What is a deed of variation?

What advantages of a Deed of Variation offer?

A Deed of Variation is a legal document that enables beneficiaries specified in a Will to change how an estate is distributed.

It is important that it enables existing beneficiaries to include new beneficiaries in an estate. They can also change how an estate is divided up between them thanks to this. The following situations provide excellent instances of when a Deed of Variation may be required, however, people may want to do these things for various reasons.

  • Despite having four children, a mother only distributes her fortune to three of her offspring in her will. The three beneficiaries consider the sister who received nothing to be equally deserving of a share of the estate. To make the sibling an equal beneficiary, they agree to use a Deed of Variation.
  • When a man passes away, he leaves two children with an equal share of his estate according to his will. He was taken care of by a close friend in the final year of his life. The friend should receive some funding from the deceased man’s estate, the two kids agree. They transfer £20,000 to the friend using a Deed of Variation.
  • A woman passes away and leaves her three children an equal share of her wealth. The first two kids are wealthier than the third. They settle on splitting up the remaining estate after giving the less fortunate sibling half of it.

As you can see, a Deed of Variation’s main benefit is that it allows current beneficiaries to change how an inheritance is allocated. A smaller tax bill, however, is yet another significant advantage of a Deed of Variation.

Deeds of Variation and Inheritance Tax

In some cases, a Deed of Variation can be a useful tool for lowering the amount of Inheritance Tax (IHT) due on an estate. IHT is typically charged at a rate of 40% on estates that exceed £325,000. Therefore, the amount of IHT would drop to 36% if the beneficiaries agreed to donate 10% of the inheritance to charity.

In a manner similar to this, adding a new beneficiary enables you to transfer all or part of an inheritance to another person, such as an adult child. This may lower the amount of IHT that must be paid on this portion of an estate.

This is another approach to giving money as a gift that is tax-efficient. Consider the scenario where you get £30,000 from an inheritance and wish to gift your 25-year-old daughter the entire sum. If you withdrew the funds out of the estate and gave them to your daughter, you would need to live for seven years before they no longer counted towards IHT. The “seven-year rule” no longer applies, and the money is no longer potentially liable to IHT if you create a Deed of Variation that names your daughter as the new beneficiary of the original estate.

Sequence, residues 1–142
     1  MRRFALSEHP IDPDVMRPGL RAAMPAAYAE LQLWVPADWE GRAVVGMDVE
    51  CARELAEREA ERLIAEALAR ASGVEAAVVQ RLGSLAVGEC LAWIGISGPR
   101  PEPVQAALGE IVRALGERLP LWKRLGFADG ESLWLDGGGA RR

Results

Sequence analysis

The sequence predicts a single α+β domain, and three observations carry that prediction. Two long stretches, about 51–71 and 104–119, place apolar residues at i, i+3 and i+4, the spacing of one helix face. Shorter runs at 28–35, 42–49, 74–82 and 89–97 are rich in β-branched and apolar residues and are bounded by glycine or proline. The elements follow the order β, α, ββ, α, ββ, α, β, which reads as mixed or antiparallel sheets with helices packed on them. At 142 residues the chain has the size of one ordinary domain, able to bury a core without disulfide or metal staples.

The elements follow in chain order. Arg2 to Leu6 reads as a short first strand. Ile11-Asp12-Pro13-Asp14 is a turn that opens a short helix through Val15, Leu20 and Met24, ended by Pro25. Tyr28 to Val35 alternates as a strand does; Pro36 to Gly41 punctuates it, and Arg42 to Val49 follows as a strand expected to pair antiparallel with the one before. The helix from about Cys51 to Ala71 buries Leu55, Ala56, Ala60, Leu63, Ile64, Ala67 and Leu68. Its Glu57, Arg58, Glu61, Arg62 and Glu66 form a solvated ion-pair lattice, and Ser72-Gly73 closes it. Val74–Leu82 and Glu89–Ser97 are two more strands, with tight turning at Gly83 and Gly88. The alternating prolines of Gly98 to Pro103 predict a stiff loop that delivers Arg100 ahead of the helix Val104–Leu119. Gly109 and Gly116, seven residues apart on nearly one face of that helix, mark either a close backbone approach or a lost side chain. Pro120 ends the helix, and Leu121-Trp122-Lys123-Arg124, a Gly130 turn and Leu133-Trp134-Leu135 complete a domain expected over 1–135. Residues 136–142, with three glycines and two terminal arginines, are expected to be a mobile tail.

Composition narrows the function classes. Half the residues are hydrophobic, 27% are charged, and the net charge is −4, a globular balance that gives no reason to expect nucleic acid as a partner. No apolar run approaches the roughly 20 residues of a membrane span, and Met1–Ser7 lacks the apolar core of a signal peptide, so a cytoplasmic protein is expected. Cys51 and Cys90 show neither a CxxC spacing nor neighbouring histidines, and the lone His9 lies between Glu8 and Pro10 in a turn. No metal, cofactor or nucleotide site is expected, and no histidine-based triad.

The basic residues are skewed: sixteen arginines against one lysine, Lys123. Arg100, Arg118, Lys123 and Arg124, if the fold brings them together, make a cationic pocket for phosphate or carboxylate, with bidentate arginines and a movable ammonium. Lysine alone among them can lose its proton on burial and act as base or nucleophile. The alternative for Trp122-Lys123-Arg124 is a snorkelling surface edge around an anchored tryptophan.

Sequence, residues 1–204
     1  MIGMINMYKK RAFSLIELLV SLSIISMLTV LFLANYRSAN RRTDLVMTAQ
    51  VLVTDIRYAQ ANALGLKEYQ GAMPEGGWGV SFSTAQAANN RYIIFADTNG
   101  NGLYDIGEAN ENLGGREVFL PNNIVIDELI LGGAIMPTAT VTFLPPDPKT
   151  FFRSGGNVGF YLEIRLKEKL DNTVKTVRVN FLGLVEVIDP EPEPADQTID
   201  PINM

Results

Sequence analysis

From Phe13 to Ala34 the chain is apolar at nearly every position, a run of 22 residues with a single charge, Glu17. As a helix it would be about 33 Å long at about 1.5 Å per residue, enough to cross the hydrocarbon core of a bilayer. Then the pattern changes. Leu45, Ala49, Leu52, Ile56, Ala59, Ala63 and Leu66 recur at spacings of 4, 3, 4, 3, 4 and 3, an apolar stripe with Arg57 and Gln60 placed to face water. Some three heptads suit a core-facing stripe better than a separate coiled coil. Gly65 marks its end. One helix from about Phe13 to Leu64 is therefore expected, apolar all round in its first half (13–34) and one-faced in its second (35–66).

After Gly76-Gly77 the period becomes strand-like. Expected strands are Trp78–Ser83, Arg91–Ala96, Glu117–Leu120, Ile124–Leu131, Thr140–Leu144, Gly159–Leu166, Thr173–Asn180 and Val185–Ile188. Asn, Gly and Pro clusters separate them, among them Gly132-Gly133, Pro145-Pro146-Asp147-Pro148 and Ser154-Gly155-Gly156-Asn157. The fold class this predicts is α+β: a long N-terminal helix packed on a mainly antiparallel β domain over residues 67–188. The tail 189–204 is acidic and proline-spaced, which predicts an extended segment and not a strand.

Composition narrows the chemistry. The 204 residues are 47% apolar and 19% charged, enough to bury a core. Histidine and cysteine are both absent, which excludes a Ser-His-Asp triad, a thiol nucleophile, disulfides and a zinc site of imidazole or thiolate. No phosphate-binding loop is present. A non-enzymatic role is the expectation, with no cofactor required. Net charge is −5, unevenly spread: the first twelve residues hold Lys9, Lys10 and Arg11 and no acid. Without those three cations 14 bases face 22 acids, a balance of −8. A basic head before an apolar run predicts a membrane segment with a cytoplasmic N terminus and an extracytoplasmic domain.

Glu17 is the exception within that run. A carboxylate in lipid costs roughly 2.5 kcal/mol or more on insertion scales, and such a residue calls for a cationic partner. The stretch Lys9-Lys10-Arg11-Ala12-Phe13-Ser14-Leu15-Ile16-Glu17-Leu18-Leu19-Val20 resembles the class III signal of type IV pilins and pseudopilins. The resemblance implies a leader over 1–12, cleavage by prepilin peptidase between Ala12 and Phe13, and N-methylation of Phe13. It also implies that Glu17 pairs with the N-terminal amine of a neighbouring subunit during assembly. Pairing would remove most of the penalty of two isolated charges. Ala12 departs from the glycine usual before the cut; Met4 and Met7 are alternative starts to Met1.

The use of a Deed of Variation may also have other tax benefits, such as a potential reduction in Capital Gains Tax. However, due to the complexity of these arrangements, we firmly advise speaking with a member of our specialised Wills, Trusts, and Probate team at SGT Law Firm for advice that is personalised for your situation.

When am I permitted to use a Deed of Variation?

A Deed of Variation may be executed either before or after a grant of probate. However, if you’re making it for IHT or CGT purposes, you must do so within two years of the deceased person’s passing. Any Deed of Variation must also meet the following requirements in order for HMRC to consider it valid:

  • The written word
  • All beneficiaries who might suffer a loss as a result of the change(s) are required to sign the deed.
  • Specify exactly which aspects of the estate are changing, as well as who will benefit from them.

Additional requirements include:

  • The beneficiaries must be at least 18 years old.
  • The changes must be accepted by every beneficiary.
  • No existing beneficiary may receive compensation for changing their share.
  • No variations shall be based upon payments from persons other than the Estate.

Additionally, it’s crucial to remember that you require court approval if a Deed of Variation will have an impact on children (or unborn children). Finally, it is possible to utilise a Deed of Variation if you are a beneficiary under intestacy rules (i.e., the deceased didn’t leave a Will). We can assist you in understanding the rules and constraints that apply in this situation.

Is a Deed of Variation needed?

The answer to this question is very dependent on your personal situation, your goals, and the goals of any other beneficiaries of a will. Even while a Deed of Variation can increase your control over how an estate is divided and can offer you considerable tax advantages, it’s important to get legal advice.

Please get in touch with us at SGT Law Firm right away if you’d like assistance on this or any other issue pertaining to Wills, Probate, and Estate Planning.

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